Materials and Methods

Synthesis of N-MPR-DSG, N-MPR-DPG, and RAL

Syntheses of N-MPR-DSG and N-MPR-biotin are described in detail elsewhere and in the supplementary information (SI Methods)12. In brief, N-MPR peptide (NEQELLELDKWASLNGGK) was synthesized in an automated solid phase synthesizer with standard fluorenylmethyloxycarbonyl protocols. A carboxyl group was introduced to distearoylglycerol (DSG) via reaction of the available alcohol with succinic anhydride. Lipid conjugation was accomplished via amidation of the carboxylated lipid and the lysyl ε-amine at the peptide C terminus. Biotinylated N-MPR peptide was prepared for use in ELISA by an analogous method. Molecular weights determined by MALDI-MS were as follows: N-MPR-DSG, expected 2963.2 Da, observed 2963.2 Da; N-MPR-biotin, expected 2455.6 Da, observed 2455.1 Da.

All-trans retinoic acid phospholipid (RAL) was synthesized according to a general scheme published previously21. Detailed synthesis and characterization, including TLC, MALDI, and NMR, are reported in the supplementary information (SI Methods). First, 1-O-octadecyl-2-O-benzyl-sn-glycerol was converted to phosphocholine by phosphorylation with phosphorus oxychloride and coupling to the choline tetraphenyl borate salt. Then the benzyl group was removed by catalytic transfer hydrogenation. Finally, all-trans retinoic acid was attached to the 2-hydroxy group with the typical DCC/DMAP method.

Liposome preparation

Liposomes composed of 15:2:3 Dimyristoylphosphatidylcholine: Dimyristoylphosphatidylglycerol:Cholesterol with MPL, RA and lipopeptide as indicated were formed by hydration of dried lipid films in sterile PBS followed by extrusion through 400 nm polycarbonate membranes22. Vesicle size was characterized by dynamic light scattering and zeta potential was determined by electrophoretic mobility (Zetasizer 3000, Malvern, New Bedford, MA). Liposome association of N-MPR-DSG and retinoic acid was determined by absorbance following sedimentation by ultracentrifugation as described12. Liposomes were prepared fresh prior to each injection. Detailed methods are described in the supplementary information (SI Methods).

Animal immunizations

All animal procedures were conducted in accordance with the policies and approval of the UCSF Institutional Animal Care and Use Committee. Eight week-old female BALB/C mice (Jackson Laboratories, Bar Harbor, ME) were housed in a UCSF specific pathogen-free barrier facility. Animals received subcutaneous immunizations in alternating hind hocks on Days 0 and 14. Each injection contained 50 μg lipopeptide, 25 μg MPL or 25 μg RA (for RAL, a molar equivalent to RA was used) and 1 μmol lipid vehicle in 50 μL sterile phosphate-buffered saline. On Days 28 and 119 blood was collected from the submandibular vein for characterization of antibody responses.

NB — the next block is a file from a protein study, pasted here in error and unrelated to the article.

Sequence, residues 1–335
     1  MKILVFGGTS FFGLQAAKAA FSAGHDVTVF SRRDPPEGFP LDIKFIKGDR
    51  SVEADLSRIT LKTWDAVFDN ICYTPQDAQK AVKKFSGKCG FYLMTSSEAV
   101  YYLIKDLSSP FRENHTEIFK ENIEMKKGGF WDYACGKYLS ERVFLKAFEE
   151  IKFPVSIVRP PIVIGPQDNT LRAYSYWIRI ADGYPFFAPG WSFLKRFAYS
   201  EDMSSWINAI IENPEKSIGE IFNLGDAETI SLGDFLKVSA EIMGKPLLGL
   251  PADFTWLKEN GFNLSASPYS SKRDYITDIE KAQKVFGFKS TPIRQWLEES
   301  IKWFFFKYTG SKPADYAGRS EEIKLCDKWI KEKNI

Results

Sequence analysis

Peptide ELISAs were conducted using MPR peptides biotinylated (SI Methods) and captured on 96 well streptavidin-coated plates (Pierce, Rockford, IL). Assays were performed according to the manufacturer’s instructions. Titer was defined as the reciprocal dilution of immune sera yielding an optical density twice that of 1:200 pre-immune sera after subtraction of background wells lacking serum. IgG1/IgG2a ratios were calculated as an average of optical density quotients measured at 3 dilutions after subtraction of background values. All samples were assayed in duplicate.

Statistical analysis

Statistical significance was assessed by analysis of variance and two-tailed Student’s t test using Microsoft Excel and SigmaPlot. Differences were considered significant if they exhibited p values < 0.05 in the Student’s t test.

Supplementary Material



We are grateful to Edward Dy, Nichole Macaraeg and Katherine Jerger for assistance with animal studies and Kevin Park for assistance with the digestion of RAL by phospholipase A2. We thank Dr. Gary Fujii for suggestions regarding the liposome formulation. This work was supported by NIH R01 GM061851 and by a grant from the National Institutes of Health, University of California, San Francisco – Gladstone Institute of Virology & Immunology Center for AIDS Research, P30-AI027763. D. Watson was supported by a U.S. Department of Homeland Security Graduate Fellowship, administered by the Oak Ridge Institute for Science and Education under U.S. Department of Energy contract number DE-AC05-00OR22750. The opinions expressed herein do not necessarily reflect the policies and views of DHS, DOE, or ORISE.